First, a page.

Brickbat: That's Alarming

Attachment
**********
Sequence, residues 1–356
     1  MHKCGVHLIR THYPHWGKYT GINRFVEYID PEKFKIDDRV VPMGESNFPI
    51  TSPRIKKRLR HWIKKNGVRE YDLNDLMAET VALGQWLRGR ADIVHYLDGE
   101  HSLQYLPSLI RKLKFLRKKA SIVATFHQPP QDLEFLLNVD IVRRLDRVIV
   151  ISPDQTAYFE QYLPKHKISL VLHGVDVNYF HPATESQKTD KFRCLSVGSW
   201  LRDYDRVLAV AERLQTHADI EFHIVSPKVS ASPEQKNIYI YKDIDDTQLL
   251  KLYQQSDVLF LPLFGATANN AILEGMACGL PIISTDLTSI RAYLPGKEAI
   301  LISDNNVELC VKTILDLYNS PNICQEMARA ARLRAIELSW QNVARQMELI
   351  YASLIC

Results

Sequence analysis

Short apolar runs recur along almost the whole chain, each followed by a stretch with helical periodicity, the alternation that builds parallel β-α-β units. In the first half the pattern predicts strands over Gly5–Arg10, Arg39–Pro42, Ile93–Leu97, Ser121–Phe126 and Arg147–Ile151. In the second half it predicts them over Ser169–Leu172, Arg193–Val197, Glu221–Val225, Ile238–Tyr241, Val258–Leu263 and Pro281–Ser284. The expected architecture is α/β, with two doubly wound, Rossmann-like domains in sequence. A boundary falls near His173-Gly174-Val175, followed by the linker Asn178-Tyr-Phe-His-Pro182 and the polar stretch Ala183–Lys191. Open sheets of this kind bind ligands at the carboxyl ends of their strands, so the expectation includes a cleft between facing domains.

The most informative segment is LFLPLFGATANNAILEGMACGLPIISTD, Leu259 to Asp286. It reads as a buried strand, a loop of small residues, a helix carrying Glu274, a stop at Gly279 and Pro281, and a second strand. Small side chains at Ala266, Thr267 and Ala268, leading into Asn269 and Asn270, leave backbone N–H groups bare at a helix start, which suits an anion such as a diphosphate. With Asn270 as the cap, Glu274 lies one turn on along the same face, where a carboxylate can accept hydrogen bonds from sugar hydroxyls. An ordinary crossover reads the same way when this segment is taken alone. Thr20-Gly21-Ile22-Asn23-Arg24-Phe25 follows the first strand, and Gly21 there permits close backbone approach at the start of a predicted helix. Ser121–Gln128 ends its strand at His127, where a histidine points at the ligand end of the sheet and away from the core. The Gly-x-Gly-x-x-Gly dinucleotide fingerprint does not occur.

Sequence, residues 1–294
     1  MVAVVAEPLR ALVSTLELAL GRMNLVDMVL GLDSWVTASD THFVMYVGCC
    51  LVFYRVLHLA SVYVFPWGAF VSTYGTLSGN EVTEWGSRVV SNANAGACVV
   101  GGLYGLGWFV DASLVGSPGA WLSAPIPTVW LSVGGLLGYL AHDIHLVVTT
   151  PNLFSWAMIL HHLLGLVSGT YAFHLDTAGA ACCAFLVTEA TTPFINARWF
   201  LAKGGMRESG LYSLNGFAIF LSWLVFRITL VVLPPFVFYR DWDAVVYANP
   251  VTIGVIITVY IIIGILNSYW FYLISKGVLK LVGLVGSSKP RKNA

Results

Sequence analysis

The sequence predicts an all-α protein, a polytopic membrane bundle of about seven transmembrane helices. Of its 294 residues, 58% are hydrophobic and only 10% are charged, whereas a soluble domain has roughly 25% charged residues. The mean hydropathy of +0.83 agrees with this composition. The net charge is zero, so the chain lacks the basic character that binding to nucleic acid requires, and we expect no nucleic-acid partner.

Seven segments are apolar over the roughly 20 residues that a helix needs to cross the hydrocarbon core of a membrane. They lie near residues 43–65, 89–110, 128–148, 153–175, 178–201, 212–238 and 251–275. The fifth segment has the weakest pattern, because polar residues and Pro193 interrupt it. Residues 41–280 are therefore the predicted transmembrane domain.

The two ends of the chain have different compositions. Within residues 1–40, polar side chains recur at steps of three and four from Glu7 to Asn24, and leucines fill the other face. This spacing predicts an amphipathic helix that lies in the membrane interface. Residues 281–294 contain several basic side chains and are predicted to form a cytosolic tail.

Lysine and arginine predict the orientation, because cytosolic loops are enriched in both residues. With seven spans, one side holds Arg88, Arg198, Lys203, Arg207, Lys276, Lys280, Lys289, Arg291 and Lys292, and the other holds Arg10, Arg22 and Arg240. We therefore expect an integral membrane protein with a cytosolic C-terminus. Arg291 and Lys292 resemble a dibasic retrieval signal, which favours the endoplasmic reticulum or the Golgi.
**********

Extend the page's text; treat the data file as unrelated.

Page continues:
When the city of Seattle put former fire station 38 up for sale, it advertised it as a "unique residential dwelling." Thom Kroon agreed. He paid $712,000 for the building and spent thousands of dollars more remodeling it. For three years he used it as a residential building and office. Then he got a letter from the building inspector saying a complaint had been filed against him and ordering him to stop using the building as a residence because its only legal use was as a fire station. The city also sued Kroon, seeking $500 a day for each day he used the building as a residence. Kroon hired his own attorney and countersued. The city dropped its suit and issued a certificate of occupancy for the building, but Kroon is still seeking to recover his legal costs.